Fig. 6: TEM of optimized olmesartan SNEDDS formulation (Bar length 50 nm)

CONCLUSION

The design and optimization of OLM SMEDDS formulation were carried out by Simplex-Centroid design combined with desirability function. The effect of the amount of oil, surfactant and co-surfactant were investigated for their influence on globule size and absorbance of dilute SEDDS. The optimized formulation consisted of 21.54% of coconut oil, 36.04% mg of Kolliophor RH and 42.42% of PEG 400 which could provide a globule size of 125.94 nm and an average absorbance of 0.85. Dissolution of optimized SMEDDS formulation was significantly higher than the pure drug. Thus, the present study illustrates the potential use of SMEDDS formulation approach for the improvement of solubility and dissolution rate of the poorly soluble drug, Olmesartan Medoxomil.

ACKNOWLEDGEMENT

The work was supported and funded by Taylor’s Research Grant Scheme (TRGS/ERFS/1/2013/SOP/003), Taylor’s University, Malaysia. Authors are thankful to Gettefosse Corp., Saint-Priest, France for providing the gift samples of excipients used in this study. The authors also wish to acknowledge Stat-ease for providing us with Design Expert 9.0.6 Trail software.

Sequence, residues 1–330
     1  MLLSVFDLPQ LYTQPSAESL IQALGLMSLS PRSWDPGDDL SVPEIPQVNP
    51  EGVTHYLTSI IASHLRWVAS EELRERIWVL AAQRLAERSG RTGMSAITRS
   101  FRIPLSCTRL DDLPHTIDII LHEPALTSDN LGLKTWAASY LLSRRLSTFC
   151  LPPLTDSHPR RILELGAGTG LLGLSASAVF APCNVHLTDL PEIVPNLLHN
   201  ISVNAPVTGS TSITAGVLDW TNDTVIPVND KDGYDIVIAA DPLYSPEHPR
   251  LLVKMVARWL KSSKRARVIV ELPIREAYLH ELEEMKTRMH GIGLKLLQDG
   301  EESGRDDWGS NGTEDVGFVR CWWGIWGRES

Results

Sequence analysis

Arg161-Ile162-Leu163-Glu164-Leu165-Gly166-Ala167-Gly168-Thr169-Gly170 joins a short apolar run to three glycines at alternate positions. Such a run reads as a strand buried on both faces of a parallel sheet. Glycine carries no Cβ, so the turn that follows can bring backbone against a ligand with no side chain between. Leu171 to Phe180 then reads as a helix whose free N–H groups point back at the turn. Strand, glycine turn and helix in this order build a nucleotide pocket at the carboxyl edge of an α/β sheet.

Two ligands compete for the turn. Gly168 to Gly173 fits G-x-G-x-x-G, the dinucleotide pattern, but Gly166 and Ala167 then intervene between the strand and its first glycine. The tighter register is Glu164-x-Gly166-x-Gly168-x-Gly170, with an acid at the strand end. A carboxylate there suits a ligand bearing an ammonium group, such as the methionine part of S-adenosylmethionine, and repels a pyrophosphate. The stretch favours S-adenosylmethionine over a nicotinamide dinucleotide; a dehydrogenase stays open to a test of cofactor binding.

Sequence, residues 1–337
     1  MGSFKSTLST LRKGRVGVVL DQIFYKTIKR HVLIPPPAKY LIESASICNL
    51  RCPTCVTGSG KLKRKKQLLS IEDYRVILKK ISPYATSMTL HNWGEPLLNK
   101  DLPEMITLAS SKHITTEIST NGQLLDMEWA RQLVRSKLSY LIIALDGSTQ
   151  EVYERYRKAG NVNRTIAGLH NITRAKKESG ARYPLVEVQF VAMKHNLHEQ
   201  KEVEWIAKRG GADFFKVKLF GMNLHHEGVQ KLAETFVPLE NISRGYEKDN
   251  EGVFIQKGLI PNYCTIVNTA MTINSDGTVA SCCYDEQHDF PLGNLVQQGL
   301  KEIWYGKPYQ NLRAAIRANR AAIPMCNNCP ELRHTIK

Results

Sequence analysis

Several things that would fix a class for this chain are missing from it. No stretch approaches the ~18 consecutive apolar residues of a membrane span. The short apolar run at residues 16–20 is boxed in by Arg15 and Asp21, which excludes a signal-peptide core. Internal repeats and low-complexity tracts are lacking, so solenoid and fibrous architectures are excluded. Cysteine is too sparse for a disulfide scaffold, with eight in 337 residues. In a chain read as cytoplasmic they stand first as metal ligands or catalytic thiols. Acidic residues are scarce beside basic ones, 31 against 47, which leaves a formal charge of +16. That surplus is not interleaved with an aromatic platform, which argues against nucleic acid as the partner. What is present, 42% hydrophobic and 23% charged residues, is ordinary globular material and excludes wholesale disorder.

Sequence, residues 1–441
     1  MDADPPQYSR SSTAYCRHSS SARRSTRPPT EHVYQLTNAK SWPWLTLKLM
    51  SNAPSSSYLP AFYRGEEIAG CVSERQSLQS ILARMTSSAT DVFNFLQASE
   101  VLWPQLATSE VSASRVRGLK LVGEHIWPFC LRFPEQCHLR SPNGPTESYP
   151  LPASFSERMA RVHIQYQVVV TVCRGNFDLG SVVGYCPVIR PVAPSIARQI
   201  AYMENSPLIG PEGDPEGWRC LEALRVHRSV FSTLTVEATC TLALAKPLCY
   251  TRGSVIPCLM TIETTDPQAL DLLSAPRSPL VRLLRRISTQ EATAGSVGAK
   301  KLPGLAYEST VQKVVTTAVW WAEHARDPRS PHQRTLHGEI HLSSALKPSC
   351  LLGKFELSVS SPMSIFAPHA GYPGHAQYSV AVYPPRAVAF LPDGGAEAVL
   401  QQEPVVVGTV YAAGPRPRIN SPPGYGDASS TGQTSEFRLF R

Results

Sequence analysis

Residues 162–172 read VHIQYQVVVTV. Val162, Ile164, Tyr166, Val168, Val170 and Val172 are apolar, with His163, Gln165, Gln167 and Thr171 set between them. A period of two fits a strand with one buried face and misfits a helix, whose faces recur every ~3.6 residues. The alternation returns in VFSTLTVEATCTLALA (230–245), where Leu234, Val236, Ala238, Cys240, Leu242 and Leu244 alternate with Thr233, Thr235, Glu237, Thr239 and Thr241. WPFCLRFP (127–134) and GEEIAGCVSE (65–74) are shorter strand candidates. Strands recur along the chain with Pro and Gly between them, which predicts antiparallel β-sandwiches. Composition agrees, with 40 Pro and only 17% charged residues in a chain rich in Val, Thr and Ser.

CONFLICT OF INTERESTS

The authors declare no conflict of interests

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How to cite this article

  • Sreenivas Patro Sisinthy, Chin Yi Lynn Sarah, Nalamolu Koteswara Rao. Optimization of coconut oil based self-micro emulsifying drug delivery systems of olmesartan medoxomil by simplex centroid design. Int J Appl Pharm 2016;8(4):47-52.


About this article

Title

OPTIMIZATION OF COCONUT OIL BASED SELF MICRO EMULSIFYING DRUG DELIVERY SYSTEMS OF OLMESARTAN MEDOXOMIL BY SIMPLEX CENTROID DESIGN

Keywords

Olmesartan, SMEDDS, Simplex-centroid, Coconut oil

Date

01-10-2016

Additional Links

Manuscript Submission

Journal

International Journal of Applied Pharmaceutics
Vol 8, Issue 4, 2016 Page: 47-52

Online ISSN

0975-7058

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Authors & Affiliations

Sreenivas Patro Sisinthy
Department of Pharmaceutical Technology, School of Pharmacy, Taylors University, Malaysia
Malaysia

Chin Yi Lynn Sarah
Department of Pharmaceutical Technology, School of Pharmacy, Taylors University, Malaysia

Nalamolu Koteswara Rao
Department of Pharmacology, School of Medicine, Taylors University, Malaysia
Malaysia